Findings may help explain changes in Antarctic sea ice patterns
By Summit Voice
FRISCO — A team of New York University scientists say they’ve found potential links between gradual warming of the North and Tropical Atlantic Ocean and climate changes in Antarctica.
The researchers reached their findings after carefully analyzing 30 years of data, helping to show how distant regional conditions are contributing to Antarctic climate change and redistribution of Antarctic sea ice.
“Our findings reveal a previously unknown, and surprisingm force behind climate change that is occurring deep in our southern hemisphere: the Atlantic Ocean,” said Xichen Li, a doctoral student in NYU’s Courant Institute of Mathematical Sciences and the study’s lead author. “Moreover, the study offers further confirmation that warming in one region can have far-reaching effects in another.”
Specifically, the scientists studied the North and Tropical Atlantic’s Sea Surface Temperature variability — changes in the ocean’s surface temperature — focusing on the last three decades. This metric, the Atlantic Multidecadal Oscillation, had previously not been considered in seeking explanations for Antarctic climate change.
When the scientists matched changes in North and Tropical Atlantic sea surface temperatures with subsequent changes in Antarctic climate, they found that warming Atlantic waters were followed by changes in sea-level pressure in the Antarctic’s Amundsen Sea. In addition, these warming patterns also preceded redistribution of sea ice between the Antarctic’s Ross and Amundsen-Bellingshausen-Weddell Seas.
“While our data analysis showed a correlation, it was the use of a state-of-the-art computer model that allowed us to see that North Atlantic warming was causing Antarctic climate change and not vice versa,” said David Holland, co-author of the study, a professor at NYU’s Courant Institute and past director of NYU’s Center for Atmospheric Ocean Science.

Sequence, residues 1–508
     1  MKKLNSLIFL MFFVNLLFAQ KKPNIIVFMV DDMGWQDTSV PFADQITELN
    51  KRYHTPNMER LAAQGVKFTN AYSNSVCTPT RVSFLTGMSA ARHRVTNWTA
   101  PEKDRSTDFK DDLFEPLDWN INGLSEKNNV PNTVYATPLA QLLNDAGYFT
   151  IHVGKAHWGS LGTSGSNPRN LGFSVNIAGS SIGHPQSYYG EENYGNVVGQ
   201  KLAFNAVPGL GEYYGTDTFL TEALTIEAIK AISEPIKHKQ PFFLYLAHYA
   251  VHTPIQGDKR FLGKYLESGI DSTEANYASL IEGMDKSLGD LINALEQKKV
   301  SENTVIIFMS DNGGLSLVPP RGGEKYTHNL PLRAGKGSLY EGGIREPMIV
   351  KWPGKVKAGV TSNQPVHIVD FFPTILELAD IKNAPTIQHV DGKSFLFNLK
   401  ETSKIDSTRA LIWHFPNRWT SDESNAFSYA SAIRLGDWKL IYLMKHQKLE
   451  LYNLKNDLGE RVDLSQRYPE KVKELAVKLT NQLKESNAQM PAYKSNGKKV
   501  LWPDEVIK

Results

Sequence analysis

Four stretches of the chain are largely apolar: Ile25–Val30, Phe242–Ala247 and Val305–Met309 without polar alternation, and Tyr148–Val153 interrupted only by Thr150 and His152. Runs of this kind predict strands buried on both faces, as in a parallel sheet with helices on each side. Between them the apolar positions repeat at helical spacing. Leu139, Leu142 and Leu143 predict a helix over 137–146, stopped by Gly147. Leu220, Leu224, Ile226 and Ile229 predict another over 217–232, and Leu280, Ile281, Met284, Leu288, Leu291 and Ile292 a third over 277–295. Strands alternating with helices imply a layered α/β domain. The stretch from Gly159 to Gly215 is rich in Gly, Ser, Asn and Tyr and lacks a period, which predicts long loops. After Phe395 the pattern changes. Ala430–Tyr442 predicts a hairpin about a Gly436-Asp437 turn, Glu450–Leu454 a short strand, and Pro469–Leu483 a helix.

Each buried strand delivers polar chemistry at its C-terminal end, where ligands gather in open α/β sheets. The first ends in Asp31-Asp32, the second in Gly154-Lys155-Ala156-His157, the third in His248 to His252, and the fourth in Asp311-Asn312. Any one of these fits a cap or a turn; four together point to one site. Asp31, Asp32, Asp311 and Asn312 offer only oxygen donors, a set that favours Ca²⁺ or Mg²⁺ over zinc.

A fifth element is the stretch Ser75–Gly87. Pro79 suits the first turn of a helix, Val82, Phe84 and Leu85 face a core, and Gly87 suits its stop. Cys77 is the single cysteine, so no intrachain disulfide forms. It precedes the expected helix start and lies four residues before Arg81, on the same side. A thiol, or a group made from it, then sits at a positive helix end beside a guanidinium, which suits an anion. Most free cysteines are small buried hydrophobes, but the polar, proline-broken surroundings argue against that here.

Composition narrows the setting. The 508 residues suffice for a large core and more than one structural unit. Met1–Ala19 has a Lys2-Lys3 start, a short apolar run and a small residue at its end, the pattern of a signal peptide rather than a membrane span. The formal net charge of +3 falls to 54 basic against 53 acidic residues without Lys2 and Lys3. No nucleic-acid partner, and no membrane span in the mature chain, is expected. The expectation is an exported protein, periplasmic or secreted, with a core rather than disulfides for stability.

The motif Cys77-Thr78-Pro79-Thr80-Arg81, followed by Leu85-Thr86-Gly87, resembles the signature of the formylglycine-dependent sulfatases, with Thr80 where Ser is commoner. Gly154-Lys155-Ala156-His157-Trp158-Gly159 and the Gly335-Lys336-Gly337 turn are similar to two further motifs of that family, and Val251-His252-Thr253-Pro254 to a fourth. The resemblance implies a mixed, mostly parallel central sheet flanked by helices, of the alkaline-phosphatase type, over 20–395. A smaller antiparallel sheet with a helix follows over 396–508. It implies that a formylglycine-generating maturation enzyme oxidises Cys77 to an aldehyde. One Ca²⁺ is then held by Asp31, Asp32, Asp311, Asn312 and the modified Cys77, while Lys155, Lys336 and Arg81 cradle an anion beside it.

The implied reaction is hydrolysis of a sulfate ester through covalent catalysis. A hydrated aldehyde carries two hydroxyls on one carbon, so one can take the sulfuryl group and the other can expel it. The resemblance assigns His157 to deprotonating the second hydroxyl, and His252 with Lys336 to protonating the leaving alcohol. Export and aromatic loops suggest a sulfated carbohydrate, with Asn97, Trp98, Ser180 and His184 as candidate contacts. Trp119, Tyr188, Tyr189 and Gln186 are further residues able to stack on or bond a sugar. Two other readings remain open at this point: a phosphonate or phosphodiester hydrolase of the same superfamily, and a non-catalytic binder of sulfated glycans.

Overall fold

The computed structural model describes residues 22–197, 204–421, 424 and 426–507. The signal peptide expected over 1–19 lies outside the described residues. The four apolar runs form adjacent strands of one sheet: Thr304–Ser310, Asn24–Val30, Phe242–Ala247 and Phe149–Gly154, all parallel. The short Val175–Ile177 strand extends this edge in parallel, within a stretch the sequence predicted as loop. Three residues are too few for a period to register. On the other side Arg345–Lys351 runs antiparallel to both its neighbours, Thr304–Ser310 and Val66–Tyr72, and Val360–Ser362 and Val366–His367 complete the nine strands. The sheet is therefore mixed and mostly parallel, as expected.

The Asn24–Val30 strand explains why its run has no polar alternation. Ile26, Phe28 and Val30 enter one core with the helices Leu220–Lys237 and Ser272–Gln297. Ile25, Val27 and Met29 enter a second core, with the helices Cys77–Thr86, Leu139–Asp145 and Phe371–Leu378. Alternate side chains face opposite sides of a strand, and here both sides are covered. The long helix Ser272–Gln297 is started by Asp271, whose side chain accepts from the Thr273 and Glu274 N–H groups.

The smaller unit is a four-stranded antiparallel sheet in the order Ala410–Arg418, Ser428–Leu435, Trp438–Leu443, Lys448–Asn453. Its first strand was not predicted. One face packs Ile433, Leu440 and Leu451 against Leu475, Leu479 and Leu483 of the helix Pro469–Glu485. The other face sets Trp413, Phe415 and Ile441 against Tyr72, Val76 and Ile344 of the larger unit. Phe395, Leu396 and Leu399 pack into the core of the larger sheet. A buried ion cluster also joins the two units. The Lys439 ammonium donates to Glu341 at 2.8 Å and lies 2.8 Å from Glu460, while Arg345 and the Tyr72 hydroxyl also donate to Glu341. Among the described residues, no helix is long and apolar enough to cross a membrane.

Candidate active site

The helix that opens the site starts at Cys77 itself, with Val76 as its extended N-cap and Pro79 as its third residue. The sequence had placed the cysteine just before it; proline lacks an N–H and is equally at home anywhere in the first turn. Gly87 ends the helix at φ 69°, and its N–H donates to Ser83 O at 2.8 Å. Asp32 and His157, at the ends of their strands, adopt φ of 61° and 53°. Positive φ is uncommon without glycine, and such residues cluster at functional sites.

During recent decades, Antarctica has experienced dramatic climate change. The Antarctic Peninsula is warming faster than any other part of the globe. It has long been known that the region’s climate is affected, in part, by changes in the distant Pacific Ocean climate.
But the phenomena brought on by the Pacific have shorter-term influences—for instance, due to El Niño. Less understood are the longer-term forces that have produced warming along the Antarctic Peninsula or the sea-ice redistribution in the southern hemisphere’s winter over many decades.
Once they confirmed a link between the Atlantic and Antarctic data sets, the scientists simulated warming of the North Atlantic with a climate model.
“While our data analysis showed a correlation, it was the use of a state-of-the-art computer model that allowed us to see that North Atlantic warming was causing Antarctic climate change and not vice versa,” Holland said.
The study’s findings raise a number of deeper questions, such as, is Antarctic sea-ice change fundamentally different from the well-reported changes in the Arctic? In contrast to the sea-ice decline over the Arctic, Antarctic sea ice has not diminished. Rather, it has redistributed itself in ways that have perplexed scientists, with declines in some areas and increases in others.
“From this study, we are learning just how Antarctic sea-ice redistributes itself, and also finding that the underlying mechanisms controlling Antarctic sea ice are completely distinct from those in the Arctic,” Holland said.